I love to run.  And, I love shooting running.  But, I hate seeing images that are forced or posed.  I hate images that have been lit with too much strobe that it leaves them artificial.  But, most of all, I hate fake running.  


To get a good image of runners, they need to run.  They need to warm up, open up their stride for a while, and then run through the image.  It takes framing, and it takes takes, lots of takes.  To get the right stride, the right hand grip, the right thought going through their mind.  I want the runner to run, to float, to think about what they think about when they run.

Here’s a comparison – look at someone’s portfolio of portraits.  Often, in every image, you will see a person with a flat expression, simple, plain faced.  Some argue that an image cannot be art if the person is smiling.  But, to me, an image is not a portrait if it doesn’t capture some emotion, some thought, some moment.  I don’t want to see a scan of someone’s face.  Yes, there are aspects of a good portrait that include the environment, the clothing, the lighting and the time, but to be an excellent portrait I want to see something in the face, some connection, something going on.  

Shooting a runner, I still want it to have an element of portraiture.  I want it to be a time, a moment, a feeling, not simply capturing clothes on a person in a particular position.  I want there to be something more.  Get the lighting, get the location, get the clothes, get the timing with the model – have all that down, and then … get the person.

And, not just anyone.  A non-runner doesn’t run the same as someone who runs runs.  It seems wrong – just tell someone to run.  It’s running, anyone can do it, right?  But think of it this way, have you ever watched a swimmer swim – then, watched an average Joe go down the pool?  It’s different right?  The stroke, the elegance, the ease of movement – you can see it.  Running – same.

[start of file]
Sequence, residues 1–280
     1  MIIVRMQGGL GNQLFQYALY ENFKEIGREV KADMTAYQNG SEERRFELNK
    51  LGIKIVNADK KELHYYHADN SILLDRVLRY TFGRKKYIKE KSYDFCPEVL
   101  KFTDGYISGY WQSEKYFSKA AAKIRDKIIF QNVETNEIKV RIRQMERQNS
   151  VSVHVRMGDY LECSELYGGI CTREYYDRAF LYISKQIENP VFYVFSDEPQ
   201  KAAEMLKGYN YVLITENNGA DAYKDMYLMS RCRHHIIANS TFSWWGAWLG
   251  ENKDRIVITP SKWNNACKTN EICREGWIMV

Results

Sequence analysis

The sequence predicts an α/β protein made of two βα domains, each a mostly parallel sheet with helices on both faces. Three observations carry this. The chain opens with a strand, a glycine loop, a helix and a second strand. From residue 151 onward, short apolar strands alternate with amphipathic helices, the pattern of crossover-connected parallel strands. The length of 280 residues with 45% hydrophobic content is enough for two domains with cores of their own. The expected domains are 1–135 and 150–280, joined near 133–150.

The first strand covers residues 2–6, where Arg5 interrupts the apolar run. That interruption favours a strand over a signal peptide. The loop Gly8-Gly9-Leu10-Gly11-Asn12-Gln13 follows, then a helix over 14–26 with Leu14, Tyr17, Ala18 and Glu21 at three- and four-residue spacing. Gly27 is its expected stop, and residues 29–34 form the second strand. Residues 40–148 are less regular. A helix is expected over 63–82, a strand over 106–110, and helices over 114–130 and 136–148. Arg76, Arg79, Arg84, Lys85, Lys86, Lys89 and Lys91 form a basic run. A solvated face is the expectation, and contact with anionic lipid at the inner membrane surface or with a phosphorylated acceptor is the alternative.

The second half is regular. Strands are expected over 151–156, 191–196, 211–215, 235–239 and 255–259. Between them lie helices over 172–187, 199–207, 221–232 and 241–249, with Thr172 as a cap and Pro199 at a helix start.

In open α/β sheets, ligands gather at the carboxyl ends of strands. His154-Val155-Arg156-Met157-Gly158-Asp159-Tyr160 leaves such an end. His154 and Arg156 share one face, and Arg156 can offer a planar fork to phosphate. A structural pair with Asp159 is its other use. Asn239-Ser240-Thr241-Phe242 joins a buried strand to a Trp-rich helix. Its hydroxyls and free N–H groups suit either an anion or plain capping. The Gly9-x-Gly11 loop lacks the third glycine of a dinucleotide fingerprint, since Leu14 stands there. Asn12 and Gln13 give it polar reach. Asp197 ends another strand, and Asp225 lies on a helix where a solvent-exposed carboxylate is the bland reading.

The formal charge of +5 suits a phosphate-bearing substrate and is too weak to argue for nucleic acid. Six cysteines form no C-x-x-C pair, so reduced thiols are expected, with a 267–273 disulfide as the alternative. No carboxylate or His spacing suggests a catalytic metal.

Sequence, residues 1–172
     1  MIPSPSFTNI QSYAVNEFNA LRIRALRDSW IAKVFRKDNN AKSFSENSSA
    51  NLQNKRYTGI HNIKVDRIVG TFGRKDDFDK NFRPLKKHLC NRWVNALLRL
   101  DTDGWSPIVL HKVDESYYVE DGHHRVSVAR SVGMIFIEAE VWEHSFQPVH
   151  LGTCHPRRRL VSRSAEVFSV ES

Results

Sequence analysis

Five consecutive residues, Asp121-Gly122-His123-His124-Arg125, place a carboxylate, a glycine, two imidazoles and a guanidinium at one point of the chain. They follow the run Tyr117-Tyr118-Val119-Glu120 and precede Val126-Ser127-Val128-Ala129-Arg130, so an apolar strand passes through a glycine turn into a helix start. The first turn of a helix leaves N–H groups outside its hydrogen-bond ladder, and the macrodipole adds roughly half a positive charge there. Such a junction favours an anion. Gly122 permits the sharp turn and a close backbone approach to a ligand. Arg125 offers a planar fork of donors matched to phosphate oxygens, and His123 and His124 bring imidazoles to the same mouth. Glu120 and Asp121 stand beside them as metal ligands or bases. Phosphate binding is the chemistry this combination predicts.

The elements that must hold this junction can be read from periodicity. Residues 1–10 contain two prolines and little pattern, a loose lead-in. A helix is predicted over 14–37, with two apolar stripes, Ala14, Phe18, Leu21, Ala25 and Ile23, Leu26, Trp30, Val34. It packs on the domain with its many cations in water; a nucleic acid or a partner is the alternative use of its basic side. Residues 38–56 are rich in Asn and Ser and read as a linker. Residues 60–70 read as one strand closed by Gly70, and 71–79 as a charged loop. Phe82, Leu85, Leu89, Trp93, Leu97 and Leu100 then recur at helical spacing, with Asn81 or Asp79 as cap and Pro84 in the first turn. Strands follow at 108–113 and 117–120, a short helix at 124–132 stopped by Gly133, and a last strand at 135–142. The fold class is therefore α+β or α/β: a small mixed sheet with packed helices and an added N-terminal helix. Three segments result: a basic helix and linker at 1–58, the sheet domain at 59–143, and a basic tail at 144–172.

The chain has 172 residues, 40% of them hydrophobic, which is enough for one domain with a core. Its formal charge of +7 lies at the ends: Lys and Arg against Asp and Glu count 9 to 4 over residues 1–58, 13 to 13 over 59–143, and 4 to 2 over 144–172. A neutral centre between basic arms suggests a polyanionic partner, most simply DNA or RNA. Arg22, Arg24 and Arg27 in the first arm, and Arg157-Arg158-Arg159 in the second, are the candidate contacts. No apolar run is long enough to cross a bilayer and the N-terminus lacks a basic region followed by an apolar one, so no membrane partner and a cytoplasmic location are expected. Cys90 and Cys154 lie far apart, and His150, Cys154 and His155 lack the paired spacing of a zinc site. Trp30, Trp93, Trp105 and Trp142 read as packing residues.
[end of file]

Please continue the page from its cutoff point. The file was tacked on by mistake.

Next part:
Go run.

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Young woman trail running in the Oakland hills by San Francisco Advertising photographer Robert Houser

At least twice a month we set up test shoots to work with new lighting, new cameras, new models or even new locations.  Last week we were using the new Canon 5D Mark IV with some lenses that had just be re-aligned by Canon for a fitness test. We put the camera and new fitness model, Julia from JE Models, to work under difficult light.  I was hoping for a beautiful fall afternoon, but instead we had nothing but overcast skies.  Using high-speed sync capabilities of the ProFoto B1 while shooting at 1/2000 sec allowed us to clean up the shadows.  

Two hours and some 2000 images later, I had quite a bit of homework to do on the plane to this week’s shoot in Dallas.  I think I most like the moody running shots on the road, but this test was just plain fun. 

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Fitness model photography

Recently we had the opportunity to do a fun project with fitness model Natasha Ward for women’s sportswear company, Title Nine.  We photographed on location in Marin County and at the boathouse in Greenbrae.  Rowing machines, boats, running, pull ups – she was working hard.  You may have seen some of these in the mail in the recent T9 catalogs or on banner ads.


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We shot this week in Oakland in some very urban settings.  A preview.  Which crop on the mural photograph do you prefer?

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